11/07/2006

Boqueria

A funny thing happened when I sat down to write a review of Boqueria: Frank Bruni decided to do the same thing. It's never advisable to be behind the Times, especially when it comes to restaurant reviews. For one thing, I'll probably never be able to get a table at Boqueria again. Frank Bruni's review landed on the kitchen table on Wednesday morning, but I didn't look at it until I wrote this. I didn't want anything Count Frankula (of Bruni Digest fame) said to color my own memories of the place.

When my friend and I arrive at Boqueria, early, since they do not take reservations, we like the looks of the place. Beyond the lively bar area, the dining room manages to feel intimate and open at the same time, with a long, candlelit communal table running down the center, and banquettes with bar-height stools lining the sides. It's great for people-watching, and the chic crowd is easy on the eyes. Boqueria is also well-lit, which is a relief. Is eating in near-darkness a Spanish custom? I think it may be, from my own dim memories of holding up candles to plates of tapas in Barcelona and New York. Not being able to distinguish between a plate of dates and a plate of pickled peppers adds an unwanted element of excitement to the meal. Fortunately, there is no such mystery at Boqueria.

In the Times review, I see later that Bruni describes the space as "happy, peppy" and praises Boqueria for having "the virtues of stylishness without vanity." Agreed. He also mentions the bar-height seating, which "has a practical benefit, along with a theoretical one. It puts you at eye level with servers, making your interactions with them feel smoother and friendlier. And it means that if Manhattan somehow flooded, you could dine at Boqueria and keep your shoes dry." Wha? Bruni's flights of fancy can be vaguely terrifying. It's like that moment during a taxi ride when, at seventy miles per hour, you realize your driver is certifiably insane. The high stools aren't for floods. They're for checking out the "young, good-looking diners"! But the stool height does make it easier to talk to the servers - ours was quite knowledgeable and did not need to lean on a sommelier to recommend one of the great Spanish wines.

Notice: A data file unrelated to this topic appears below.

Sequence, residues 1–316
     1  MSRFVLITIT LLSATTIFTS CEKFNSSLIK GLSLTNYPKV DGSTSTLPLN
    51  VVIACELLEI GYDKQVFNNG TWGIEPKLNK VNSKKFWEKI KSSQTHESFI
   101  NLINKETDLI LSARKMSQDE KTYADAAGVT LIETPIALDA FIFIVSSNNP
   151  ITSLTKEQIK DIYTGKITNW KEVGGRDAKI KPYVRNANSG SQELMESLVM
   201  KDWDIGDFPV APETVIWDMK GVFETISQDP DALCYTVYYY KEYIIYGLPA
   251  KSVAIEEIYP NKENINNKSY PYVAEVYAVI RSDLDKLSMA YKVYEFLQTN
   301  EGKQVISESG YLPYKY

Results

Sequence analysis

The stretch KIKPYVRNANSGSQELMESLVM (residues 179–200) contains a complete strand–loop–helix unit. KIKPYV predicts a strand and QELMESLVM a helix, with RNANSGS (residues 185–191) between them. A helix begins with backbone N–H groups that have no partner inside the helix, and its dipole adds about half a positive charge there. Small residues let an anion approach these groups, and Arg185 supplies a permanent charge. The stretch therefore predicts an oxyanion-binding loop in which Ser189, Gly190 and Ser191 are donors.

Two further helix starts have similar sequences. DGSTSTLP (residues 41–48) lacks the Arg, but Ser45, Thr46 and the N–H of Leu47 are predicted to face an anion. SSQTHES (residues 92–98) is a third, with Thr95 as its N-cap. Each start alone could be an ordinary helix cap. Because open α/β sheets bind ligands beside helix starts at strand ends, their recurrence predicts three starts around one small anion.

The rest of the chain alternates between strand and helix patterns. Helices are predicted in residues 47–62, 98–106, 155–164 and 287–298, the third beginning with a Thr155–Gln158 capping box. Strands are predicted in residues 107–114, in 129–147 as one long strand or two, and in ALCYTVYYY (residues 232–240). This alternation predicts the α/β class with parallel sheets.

For the tapas, my friend gravitates towards the cojonudo, fried quail egg and chorizo on toast, on the grounds that everything is better with quail eggs. I love the taste of these, because I love anything that's bacon and eggs. "You don't need the toast," she says, chewing contemplatively. It's true: the dry toast detracts from the dish, sucking up all the flavor and not really contributing anything. But the chorizo-egg layer, which we pick up and eat on its own, is wonderfully smoky, spicy and creamy.

Bruni calls these "my kind of finger food." Bacon and eggs must be a sure crowd pleaser.


The pa de fetge, a boar terrine, has been recommended for anyone who likes country pate. It's very good, more pungent and flavorful than a plain pork terrine, and the caramelized onions served alongside are a great accompaniment. With the datiles con beacon y almendras, dates stuffed with almonds and cabrales and wrapped in bacon, each bite hits several extremes on the taste scale: the aching sweet of the dates, saltiness of the bacon, and the mouth-numbing blue of the cheese. The chef has taken standard cocktail party fare and turned it up several notches. It is intriguing and delicious.

Bruni doesn't mention the terrine, but he does recommend the salad with baby squid, the suckling pig, and the anchovies. Though he doesn't talk about dates, he comments on chef Seamus Mullen's "salty effects," but says he "wisely leavens his salty impulses with sweet ones." Agreed.


The lamb shank that comes as a main course is only OK, which is surprising because the prunes serves alongside are such a nice balance to the meaty flavor. "I wish some of this," my friend says, pointing to the prunes with her fork, "were on this. You don't even get the sense that they cooked it in wine." My friend, who is also a trained chef, adds that it's quite easy and surprisingly inexpensive to cook a lamb shank at home. I'll have to remember that if I ever return to lamb, meat trend of the moment.